The budget was however passed at the end of the Month(May) without additional allocations to the SAGE programme.
PIC: Finance minister Matia Kasaija: "We are better off investing more in sustainable infrastructure that will eventually improve the lives of the elderly."
Donors have since deferred the approval of the second phase of funding for the elderly following persistent failure by the government to fulfill its commitments.
The Republic of Ireland and the Britain Department for International Development (DFID) have been the major funders for the Social Assistance Grants for Empowerment (SAGE) managed by the Ministry of Gender Labour and Social development.
“I am writing to inform you of our decision to extend the Expanding Social Protection Programme-Phase Two inception period from January 31st 2017 to July 2017,” reads a letter signed by the head of the DFID office in Uganda, Jennie Barugh and the Irish Ambassador, Donal Cronin.
“As a result, we propose to delay the movement of the programme into full implementation phase in order to give us time to reappraise the agreement that we have with the government of Uganda,” added the March 21 letter, a copy of which New Vision has seen.
The development partners in a response to New Vision had by the time of the engagement been still hopeful that the funding gaps in the proposed 2017/2018 budget will be closed before it’s passed at the end of the month.
“While the allocation for the FY17/18 is not yet at the level agreed, we are aware that the process of finalizing the budget is ongoing and we remain hopeful that the government of Uganda allocation to SAGE will enable the programme to continue to have impact on poverty reduction in Uganda,” reads the statement.
The budget was however passed at the end of the May without additional allocations to the SAGE programme.
In an interview with Finance Minister Matia Kasaija, he emphasized that as far as the 2017/18 budget is concerned, government had no more money to allocate to any other programme.
“There are unlimited priorities and since we are a cash-strapped economy we have to weigh our options. We are better off investing more in sustainable infrastructure that will eventually improve the lives of the elderly,” said Kasaija.
The SAGE programme introduced in 2011 and currently operating in 35 of the 112 districts was meant to roll out to five other districts next financial year that starts in July. Under the programme, a sh25,000 cash payment is made to the eligible older persons to boost their livelihood.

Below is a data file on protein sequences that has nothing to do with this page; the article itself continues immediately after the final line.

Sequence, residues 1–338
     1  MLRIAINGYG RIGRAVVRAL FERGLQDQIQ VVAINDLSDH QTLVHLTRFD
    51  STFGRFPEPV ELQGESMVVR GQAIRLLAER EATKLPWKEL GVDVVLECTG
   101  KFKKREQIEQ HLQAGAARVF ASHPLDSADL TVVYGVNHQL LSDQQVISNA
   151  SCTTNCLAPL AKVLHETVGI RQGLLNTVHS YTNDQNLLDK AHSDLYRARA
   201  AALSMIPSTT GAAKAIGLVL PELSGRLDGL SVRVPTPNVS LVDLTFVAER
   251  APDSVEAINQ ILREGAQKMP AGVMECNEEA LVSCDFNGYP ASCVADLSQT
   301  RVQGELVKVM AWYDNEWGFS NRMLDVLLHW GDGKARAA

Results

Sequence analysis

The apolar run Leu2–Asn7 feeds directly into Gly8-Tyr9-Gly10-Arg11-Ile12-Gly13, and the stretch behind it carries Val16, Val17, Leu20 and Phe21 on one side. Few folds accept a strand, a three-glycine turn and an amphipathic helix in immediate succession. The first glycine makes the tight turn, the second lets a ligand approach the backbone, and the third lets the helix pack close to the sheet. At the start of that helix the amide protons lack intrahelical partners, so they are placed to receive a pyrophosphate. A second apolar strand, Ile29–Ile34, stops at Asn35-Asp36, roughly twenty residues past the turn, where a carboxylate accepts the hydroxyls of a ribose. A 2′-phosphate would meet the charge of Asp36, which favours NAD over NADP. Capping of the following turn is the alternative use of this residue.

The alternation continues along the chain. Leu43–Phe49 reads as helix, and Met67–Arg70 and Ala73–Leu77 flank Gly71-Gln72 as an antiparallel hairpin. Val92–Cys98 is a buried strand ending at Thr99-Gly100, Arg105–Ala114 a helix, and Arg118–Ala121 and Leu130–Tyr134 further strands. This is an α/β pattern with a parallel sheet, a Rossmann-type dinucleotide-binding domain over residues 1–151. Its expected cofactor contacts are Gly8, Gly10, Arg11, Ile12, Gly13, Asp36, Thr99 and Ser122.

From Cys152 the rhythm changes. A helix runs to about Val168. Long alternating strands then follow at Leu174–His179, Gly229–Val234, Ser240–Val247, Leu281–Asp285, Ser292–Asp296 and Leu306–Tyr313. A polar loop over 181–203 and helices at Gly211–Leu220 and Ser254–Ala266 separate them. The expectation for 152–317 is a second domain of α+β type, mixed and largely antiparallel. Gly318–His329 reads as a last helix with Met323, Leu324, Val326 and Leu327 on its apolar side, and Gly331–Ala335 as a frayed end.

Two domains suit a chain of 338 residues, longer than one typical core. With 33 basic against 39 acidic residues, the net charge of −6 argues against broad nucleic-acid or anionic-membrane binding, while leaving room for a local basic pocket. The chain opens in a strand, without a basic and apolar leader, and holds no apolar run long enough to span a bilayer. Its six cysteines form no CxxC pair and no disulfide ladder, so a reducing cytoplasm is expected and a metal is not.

According to the letter, the government has persistently failed in its commitments for quarterly financial releases.
Government, according to the memorandum of understanding (MOU) committed to provide Sh9b, sh17.59b, Sh29.15b, sh40.34b and sh52.92b between FY2015/16 and 2019 /20. However, records indicate that in the financial year 2015/16, only sh5.6b was released instead of the sh9b. In 2016/17, by the end of the 4th quarter only sh13.7b of the planned sh17.59b was released.
The MOU further states that the development partners will base their actual support on the progress attained in the implementation of the Programme including performance of government in terms of counter funding.
According to the MOU, ‘In the case of (serious) non-compliance with the terms of this MOU and or violation of the fundamental principles set out in this MOU and in the partnership principles on the part of the government of Uganda, the Development Partner may suspend further disbursements to the Programme.
“Such noncompliance could include substantial deviations from agreed plans and budgets, short falls on government of Uganda agreed annual counterpart funding, misuse of funds or non-compliance with agreed preconditions relating to the implementation of the Programme,” reads the MOU.
Members of parliament under the parliamentary forum on social protection in a meeting held at Imperial Royale also expressed concern on government’s commitment to the programme.
The MPs want the programme implemented as had earlier scheduled considering the 100 oldest persons in every district. Currently a total of 172,654 out of the over 1.5m older persons in the country are benefitting from the programme.
In an earlier interview with Stephen Kasaija, the head of the management unit at the Expanding Social Protection Programme of the Ministry of Gender, Labour and Social Development, explained that the funding gap from government means they will not be able to take up the new districts as had been planned.
Gender Ministry’s Kasaija added that the lack of funds will also affect the other programme commitments such as taking over the initial pilot SAGE districts as provided for in the MOU. This thus means a total of 25,315 beneficiaries in the two pilot districts of Nebbi and Kyenjojo might exit the programme.
Following the successful implementation of the first phase of the Expanding Social Protection (ESP) Programme, government and the development partners agreed to a 5-year extension of the programme. The development partners have since committed a total of sh214.1b for this phase.